Holding the club properly allows the golf swing to deliver the clubface square to the target at impact. For this natural and reflexive squaring to take place, the hands must work together as a single unit. The hands will operate in this fashion when the club is held with the palms parallel to the clubface and placed close together.
Today, there are three generally accepted ways of combining or “unitizing” the hands, e.g., the ten-finger grip, the interlocking grip, and the relatively new (circa 1900) overlapping grip. Actually, there is a fourth way, too. It’s called the classical interlocking grip. It was used when hickory shafts were being swung, but more about that later.
I. The ten-finger grip, sometimes referred to as a “baseball grip,” is the least popular of the three. Most golfers avoid gripping the club this way because they find it difficult for their hands to work together. It does, however, have its advantages. Teachers often suggest this grip to beginners as it simplifies early instruction. As a matter of fact, I remember my father having second thoughts about its value during his later years. He said, “If I had it all over to do again, I’d have put the baseball grip on more people.” It was apparent to me that he thought it just might give people with small, weak hands a better feel for the club head.
To position your hands in this way, grip the club properly with the lead hand then, place the little finger of the trailing hand close against the index finger of the lead hand. Cover the thumb of the lead hand with the lifeline of the trailing hand. Pretty simple.
II. The modern interlocking grip is a tried and true method that helps keep the hands close together with less slippage. This grip has the thumb of the lead hand on the shaft, under the palm of the trailing hand in a manner comparable to the ten-finger and the overlapping grip. It involves twining the little finger of the trailing hand between the index and largest finger of the lead hand. To “unitize” the hands as much as possible, nestle the forefinger of the trailing hand close against its neighbor, and wrap it firmly around the club.
III. Among good golfers, the overlapping grip is the most popular of the three. The hands are positioned on the club in the same manner as the ten-finger and the interlocking grip except that the little finger of the trailing hand is wrapped around or lapped over the forefinger of the lead hand. Nestle the forefinger of the trailing hand close against its neighbor, and wrap it firmly around the club.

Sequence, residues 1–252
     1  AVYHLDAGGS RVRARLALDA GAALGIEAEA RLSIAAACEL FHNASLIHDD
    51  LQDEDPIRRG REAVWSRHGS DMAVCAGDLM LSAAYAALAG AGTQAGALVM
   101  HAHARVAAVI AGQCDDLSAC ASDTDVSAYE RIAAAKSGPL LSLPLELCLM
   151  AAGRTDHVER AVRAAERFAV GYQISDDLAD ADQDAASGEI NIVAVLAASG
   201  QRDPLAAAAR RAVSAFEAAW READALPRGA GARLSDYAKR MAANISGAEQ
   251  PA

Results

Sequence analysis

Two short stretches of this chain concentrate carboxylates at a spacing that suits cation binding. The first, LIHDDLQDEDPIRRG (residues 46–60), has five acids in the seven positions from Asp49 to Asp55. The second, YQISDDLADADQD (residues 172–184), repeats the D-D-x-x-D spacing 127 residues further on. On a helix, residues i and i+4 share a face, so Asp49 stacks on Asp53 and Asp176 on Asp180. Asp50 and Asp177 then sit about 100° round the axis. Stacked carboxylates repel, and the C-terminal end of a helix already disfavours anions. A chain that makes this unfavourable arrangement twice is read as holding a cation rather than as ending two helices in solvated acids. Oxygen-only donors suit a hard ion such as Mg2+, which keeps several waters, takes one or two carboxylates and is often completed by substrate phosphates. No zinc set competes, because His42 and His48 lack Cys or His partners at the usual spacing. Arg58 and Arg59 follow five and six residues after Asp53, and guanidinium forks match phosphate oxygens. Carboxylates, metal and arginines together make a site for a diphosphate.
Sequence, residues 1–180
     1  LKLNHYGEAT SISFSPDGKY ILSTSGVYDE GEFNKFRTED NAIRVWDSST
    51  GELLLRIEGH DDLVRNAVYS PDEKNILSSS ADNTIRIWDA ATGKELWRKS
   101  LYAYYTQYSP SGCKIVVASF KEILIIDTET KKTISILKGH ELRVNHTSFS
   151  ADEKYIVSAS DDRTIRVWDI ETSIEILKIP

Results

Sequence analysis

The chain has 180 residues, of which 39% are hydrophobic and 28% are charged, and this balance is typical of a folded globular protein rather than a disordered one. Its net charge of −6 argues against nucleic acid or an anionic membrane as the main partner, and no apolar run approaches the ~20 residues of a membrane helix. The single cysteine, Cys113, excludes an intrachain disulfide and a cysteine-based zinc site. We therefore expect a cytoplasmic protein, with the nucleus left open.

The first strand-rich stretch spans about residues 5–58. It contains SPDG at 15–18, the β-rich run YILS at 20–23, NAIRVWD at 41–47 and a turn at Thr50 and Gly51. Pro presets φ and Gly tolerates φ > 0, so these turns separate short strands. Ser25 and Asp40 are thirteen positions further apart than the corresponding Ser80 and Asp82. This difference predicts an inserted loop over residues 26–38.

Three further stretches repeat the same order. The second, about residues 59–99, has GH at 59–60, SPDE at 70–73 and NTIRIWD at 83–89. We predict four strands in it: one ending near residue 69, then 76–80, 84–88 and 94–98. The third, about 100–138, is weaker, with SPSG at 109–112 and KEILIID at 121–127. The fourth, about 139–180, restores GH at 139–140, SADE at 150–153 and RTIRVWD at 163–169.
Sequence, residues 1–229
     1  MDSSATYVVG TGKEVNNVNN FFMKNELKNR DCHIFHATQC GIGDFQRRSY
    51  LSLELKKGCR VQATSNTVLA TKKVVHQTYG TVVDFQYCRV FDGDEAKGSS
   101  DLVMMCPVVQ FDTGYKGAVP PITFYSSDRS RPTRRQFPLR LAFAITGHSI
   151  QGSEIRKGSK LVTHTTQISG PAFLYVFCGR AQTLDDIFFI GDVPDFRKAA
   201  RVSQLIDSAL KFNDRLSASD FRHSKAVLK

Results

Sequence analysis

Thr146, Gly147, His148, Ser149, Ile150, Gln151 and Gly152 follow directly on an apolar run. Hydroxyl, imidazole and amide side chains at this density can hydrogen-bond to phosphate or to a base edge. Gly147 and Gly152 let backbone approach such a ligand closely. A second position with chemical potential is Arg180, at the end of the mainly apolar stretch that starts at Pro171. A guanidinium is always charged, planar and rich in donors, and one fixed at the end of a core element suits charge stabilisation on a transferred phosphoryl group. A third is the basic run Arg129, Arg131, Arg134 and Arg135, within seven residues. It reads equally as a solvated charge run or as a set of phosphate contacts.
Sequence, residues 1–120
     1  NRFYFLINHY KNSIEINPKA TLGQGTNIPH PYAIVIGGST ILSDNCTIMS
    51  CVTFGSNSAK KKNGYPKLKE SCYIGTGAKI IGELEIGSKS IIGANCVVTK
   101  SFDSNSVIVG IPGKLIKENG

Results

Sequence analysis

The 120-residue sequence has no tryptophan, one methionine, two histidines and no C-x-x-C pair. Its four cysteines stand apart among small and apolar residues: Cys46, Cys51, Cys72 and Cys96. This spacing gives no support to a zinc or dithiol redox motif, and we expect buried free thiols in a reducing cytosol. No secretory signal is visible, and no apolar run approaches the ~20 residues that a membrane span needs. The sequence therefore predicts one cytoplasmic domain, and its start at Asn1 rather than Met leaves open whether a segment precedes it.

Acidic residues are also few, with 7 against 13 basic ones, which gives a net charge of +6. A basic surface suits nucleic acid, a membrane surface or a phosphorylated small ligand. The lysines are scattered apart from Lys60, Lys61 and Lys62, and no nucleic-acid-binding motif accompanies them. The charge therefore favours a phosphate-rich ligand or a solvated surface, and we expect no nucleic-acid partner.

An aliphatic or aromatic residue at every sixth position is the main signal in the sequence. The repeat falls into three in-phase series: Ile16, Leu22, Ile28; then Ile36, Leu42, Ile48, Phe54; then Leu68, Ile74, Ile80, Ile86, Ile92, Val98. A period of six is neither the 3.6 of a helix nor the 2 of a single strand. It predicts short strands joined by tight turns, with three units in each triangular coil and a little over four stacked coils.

IV. The classical interlocking grip has been around for centuries but it’s seldom used and, all but forgotten. This grip included what was basically a fist with the lead hand and promoted a lot of wristiness that was necessary when hickory shafts were in vogue. It actually had the thumb of the lead hand off the shaft and positioned behind the trailing hand. Like the modern interlock, it involved twining the little finger of the trailing hand between the index finger and largest finger of the lead hand.
Gene Sarazen and Henry Picard were perhaps the last great players who used the full interlocking grip. My father gripped the club this way during his early professional career but, eventually opted for and advocated the modern overlapping grip. Note: In 1937, Henry Picard began experiencing pain in his left wrist at the top of his backswing. He had developed DeQuervains Tendonitis – inflammation in the tendons that control the thumb, resulting in pain near the base of the thumb. A doctor in Philadelphia told him, “Go to the classic interlock grip and it’ll never hurt again.” Picard took that grip and won the Masters (1938) and the PGA (1939).
In the final analysis, the size and strength of the hands plays a huge role in determining which grip is the correct one for you. Whichever grip you choose, be sure that your hands never separate during your swing. This forces you to regrip before impact and throws the clubhead off line. A light but constant nudging of the heel pad of your trailing hand against the thumb pad of your lead hand will counter any such separation.